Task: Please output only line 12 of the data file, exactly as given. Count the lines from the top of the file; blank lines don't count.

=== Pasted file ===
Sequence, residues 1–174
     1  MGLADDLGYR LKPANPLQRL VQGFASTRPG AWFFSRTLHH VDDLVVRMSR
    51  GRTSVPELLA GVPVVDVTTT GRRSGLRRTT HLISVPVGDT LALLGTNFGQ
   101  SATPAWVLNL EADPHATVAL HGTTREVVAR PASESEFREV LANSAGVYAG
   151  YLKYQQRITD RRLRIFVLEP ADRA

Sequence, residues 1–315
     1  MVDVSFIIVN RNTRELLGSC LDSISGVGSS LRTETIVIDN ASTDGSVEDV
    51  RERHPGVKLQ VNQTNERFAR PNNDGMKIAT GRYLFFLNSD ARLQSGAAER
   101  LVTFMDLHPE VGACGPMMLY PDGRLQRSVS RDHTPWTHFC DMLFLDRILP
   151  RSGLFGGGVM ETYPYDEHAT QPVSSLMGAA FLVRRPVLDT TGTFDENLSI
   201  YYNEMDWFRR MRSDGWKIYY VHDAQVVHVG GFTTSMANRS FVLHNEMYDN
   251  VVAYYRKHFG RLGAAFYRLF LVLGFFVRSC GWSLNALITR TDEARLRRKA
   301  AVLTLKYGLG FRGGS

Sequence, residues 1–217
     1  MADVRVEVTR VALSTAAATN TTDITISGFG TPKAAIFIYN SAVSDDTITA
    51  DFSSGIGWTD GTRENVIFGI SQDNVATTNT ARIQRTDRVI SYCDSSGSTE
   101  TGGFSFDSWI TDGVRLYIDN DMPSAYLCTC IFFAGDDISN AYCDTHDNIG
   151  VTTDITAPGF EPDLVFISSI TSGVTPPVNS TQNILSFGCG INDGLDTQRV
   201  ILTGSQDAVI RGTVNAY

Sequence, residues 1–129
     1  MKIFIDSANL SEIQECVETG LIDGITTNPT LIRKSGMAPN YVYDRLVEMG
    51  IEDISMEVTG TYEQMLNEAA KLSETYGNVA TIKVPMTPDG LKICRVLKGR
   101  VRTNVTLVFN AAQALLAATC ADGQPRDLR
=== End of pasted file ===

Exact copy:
   251  VVAYYRKHFG RLGAAFYRLF LVLGFFVRSC GWSLNALITR TDEARLRRKA